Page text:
Saturday, February 21, 2009

Here's What Greater Cincinnati Needs

Here's a great idea: the Lost Arts Kitchen in Portland OR offers classes in traditional food arts. The woman who runs the kitchen says that with planning and training, families can eat locally, organically and ethically without breaking the budget or overwhelming the family schedule.  A similar effort in Virginia, dubbed Home Skills University by its organizer, runs free classes in everything from breadmaking to meadbrewing. 

There are many cooking schools here in town, with classes teaching everything from complete dinner-party menus to specific culinary techniques.  But who's teaching us to pickle, can, ferment, make cheese -- all the processes our great-grandparents used to store foods safely?  Parents stopped teaching these things to their children decades ago when "Better Living Through Chemistry" wasn't intended as sarcastic commentary.   We've gone from using convenience foods as a supplemental resource to being completely dependent upon them.  Canning is the most basic, easy, fast, and inexpensive way to preserve the harvest, and yet many under-30s have never canned anything or even seen anything canned.  Heck, many under-50s haven't.  And lactofermentation?  Most people, even many foodies, don't have any idea what it even means much less how to accomplish it.   

We need our own Lost Arts Kitchen.  I can teach canning, both water bath and pressure.  What can you teach?  (If someone can teach me to make a loaf of bread that will rise in the oven, I'll be eternally grateful.)


lgblog said...


I can help you out with bread!


Bianca said...

There's a really simple bread recipe from Cook's Illustrated that is pretty fast.

I'd love to learn to can food and make yogurt. I've never attempted it, though I did make my own sausage recently.

It was great meeting you at the supper club! They are always such fun. I hope to see you again.


lgblog said...


Are you talking about the Ciabatta from this months issue? It looks amazing- I'm making it w/ the Ziti tomorrow for dinner.


Stephens Family said...

I remember my mom canning when I was little, but it's always intimidated me. My daughter (15) loves all things related to cooking and the kitchen. I don't know what I could teach, but maybe there's some other way I could help? I think this is a GREAT idea, and one that a LOT of people would be interested in.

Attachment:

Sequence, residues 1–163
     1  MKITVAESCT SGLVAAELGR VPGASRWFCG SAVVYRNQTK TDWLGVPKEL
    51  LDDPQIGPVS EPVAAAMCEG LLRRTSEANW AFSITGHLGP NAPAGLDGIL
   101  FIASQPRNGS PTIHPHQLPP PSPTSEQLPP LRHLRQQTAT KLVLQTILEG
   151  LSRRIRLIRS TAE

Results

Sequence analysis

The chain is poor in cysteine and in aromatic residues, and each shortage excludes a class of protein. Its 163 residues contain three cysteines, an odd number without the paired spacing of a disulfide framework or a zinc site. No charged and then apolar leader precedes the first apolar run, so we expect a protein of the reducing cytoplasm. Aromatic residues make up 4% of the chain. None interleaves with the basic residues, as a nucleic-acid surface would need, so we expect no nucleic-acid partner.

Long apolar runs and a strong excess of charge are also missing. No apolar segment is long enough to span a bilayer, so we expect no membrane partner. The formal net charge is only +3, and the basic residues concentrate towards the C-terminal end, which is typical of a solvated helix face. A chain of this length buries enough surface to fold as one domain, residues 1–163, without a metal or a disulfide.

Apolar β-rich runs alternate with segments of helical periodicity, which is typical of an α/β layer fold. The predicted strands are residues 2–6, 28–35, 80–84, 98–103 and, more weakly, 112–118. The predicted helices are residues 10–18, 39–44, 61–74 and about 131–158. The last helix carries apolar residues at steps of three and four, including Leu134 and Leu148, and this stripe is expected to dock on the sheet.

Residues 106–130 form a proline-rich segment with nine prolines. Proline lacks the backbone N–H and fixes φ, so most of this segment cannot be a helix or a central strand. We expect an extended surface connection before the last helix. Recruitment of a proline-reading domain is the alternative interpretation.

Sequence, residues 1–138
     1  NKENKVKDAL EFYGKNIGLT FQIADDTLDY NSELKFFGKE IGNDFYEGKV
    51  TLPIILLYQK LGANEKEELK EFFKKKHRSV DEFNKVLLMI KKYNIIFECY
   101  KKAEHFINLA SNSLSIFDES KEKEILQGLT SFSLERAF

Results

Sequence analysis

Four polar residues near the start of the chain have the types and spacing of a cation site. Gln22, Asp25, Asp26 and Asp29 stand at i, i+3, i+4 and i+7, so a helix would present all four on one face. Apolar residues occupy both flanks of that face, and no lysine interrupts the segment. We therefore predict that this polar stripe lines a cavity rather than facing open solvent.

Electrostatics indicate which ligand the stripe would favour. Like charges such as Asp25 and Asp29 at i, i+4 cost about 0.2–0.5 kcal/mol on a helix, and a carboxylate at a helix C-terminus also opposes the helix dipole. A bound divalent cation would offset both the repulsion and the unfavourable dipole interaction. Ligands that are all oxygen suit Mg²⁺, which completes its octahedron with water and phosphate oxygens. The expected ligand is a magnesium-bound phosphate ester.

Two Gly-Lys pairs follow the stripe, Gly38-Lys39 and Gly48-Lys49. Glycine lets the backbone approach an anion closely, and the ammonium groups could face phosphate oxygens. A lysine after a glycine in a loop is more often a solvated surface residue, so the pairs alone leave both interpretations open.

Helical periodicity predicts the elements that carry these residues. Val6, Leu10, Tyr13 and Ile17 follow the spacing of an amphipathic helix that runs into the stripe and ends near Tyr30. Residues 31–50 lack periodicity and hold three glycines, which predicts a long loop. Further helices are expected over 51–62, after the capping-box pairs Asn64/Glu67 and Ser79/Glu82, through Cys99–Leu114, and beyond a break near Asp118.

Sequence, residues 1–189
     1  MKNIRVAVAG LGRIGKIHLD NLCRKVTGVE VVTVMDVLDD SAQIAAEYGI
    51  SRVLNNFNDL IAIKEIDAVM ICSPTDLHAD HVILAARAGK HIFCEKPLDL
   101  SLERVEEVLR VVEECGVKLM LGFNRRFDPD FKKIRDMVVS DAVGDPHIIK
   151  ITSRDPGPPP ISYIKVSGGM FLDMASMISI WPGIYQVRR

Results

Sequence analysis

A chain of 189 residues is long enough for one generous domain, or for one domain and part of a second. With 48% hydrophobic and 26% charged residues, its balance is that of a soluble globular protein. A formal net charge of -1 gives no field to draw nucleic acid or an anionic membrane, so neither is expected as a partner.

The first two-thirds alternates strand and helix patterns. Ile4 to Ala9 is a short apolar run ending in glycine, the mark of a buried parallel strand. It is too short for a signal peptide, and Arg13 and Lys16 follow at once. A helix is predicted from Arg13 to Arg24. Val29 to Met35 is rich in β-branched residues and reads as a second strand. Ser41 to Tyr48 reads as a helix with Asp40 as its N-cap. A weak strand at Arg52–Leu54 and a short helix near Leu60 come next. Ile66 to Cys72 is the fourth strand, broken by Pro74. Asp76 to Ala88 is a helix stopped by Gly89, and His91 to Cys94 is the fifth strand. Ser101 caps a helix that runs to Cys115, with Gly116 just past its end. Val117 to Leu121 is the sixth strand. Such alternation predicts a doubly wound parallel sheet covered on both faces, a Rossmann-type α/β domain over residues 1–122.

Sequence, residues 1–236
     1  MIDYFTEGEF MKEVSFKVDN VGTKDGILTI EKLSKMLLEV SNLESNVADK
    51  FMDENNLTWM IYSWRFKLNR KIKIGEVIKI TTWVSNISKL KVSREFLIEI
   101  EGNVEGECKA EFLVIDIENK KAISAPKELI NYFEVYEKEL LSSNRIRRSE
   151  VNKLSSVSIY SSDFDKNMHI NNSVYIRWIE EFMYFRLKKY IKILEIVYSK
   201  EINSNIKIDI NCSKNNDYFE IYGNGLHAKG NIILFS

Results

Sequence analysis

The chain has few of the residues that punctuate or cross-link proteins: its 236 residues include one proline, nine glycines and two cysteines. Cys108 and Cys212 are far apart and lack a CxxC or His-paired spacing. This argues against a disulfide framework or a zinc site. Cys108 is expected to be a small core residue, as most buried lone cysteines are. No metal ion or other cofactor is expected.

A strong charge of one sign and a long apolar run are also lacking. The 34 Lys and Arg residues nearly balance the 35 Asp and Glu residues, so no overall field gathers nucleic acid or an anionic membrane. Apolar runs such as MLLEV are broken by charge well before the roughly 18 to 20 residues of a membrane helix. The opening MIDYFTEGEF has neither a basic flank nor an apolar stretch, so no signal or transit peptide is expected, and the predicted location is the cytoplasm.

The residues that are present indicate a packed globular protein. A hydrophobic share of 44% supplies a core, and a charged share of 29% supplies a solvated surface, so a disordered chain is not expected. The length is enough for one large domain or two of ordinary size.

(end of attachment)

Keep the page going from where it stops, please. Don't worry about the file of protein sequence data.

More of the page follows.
valereee said...

Liam, you're on! Although I am attending a breadmaking class today, so maybe with luck I'll at last learn what I've been doing wrong for lo these many years!

Bianca, it was great meeting you, too! My husband (who was a little unsure about the idea of a dinner party with so many complete strangers) even said he'd definitely like to do it again! So the next time we have the opportunity, we'll definitely be there. I'd even be willing to host one!

elliebelle said...

I would love to go to a cooking school like that!! I know how to cook a lot of great food, but basics like bread, making cheese, and canning I am not good at. Great idea!

V said...

what an amazing idea! i always sort of thought this was the kind of thing extension offices would be doing (but i know they don't).

i can make jam. . .other canning is scary and overwhelming to me! I think this would be a great project. . .this is the kind of thing that _should_ fall under "homeland security"--stronger more sustainable communities benefit all of us!

LauraT said...

The Hyde Park Farmers Market completely agrees! This coming season we plan to host monthly events to promote -- Preserving the Harvest -- canning, freezing and drying bulk produce.

We are partnering with Park + Vine who will provide canning supplies for purchase.

We are looking for experts to help teach at these events and would love your help. Let me know if you are interested.

Laura Trachtman
Market Manager

LauraT said...

The Hyde Park Farmers Market completely agrees with your comment! This coming season we plan to host monthly events "Preserving the Harvest" to promote canning, freezing and drying of bulk produce.

We are partnering with Park + Vine who will provide the canning supplies for purchase.

We are currently looking for experts to help teach at these events. We would love your help if you are interested. Just let me know.

Laura Trachtman
Market Manager

valereee said...

Laura, I'm not sure I'd characterize myself as an 'expert!' :) I do can, both water bath and pressure canning, but the pressure canning is brand new. I'm happy to help, but I imagine there are any number of more experienced canners who attend the market!

Victor said...

Have you tried 'No-Knead' bread. There's a great article on about it. Super easy. Super tasty. Super fool-proof.

valereee said...

Victor, I've tried the Artisan Bread in 5 Minutes a Day and managed to kill that yeast, too. But I like this no-knead idea -- I'll give it a try, thanks for calling it to my attention!

For those who would like to try it also, it's at Jim Lahey's No-Knead Bread.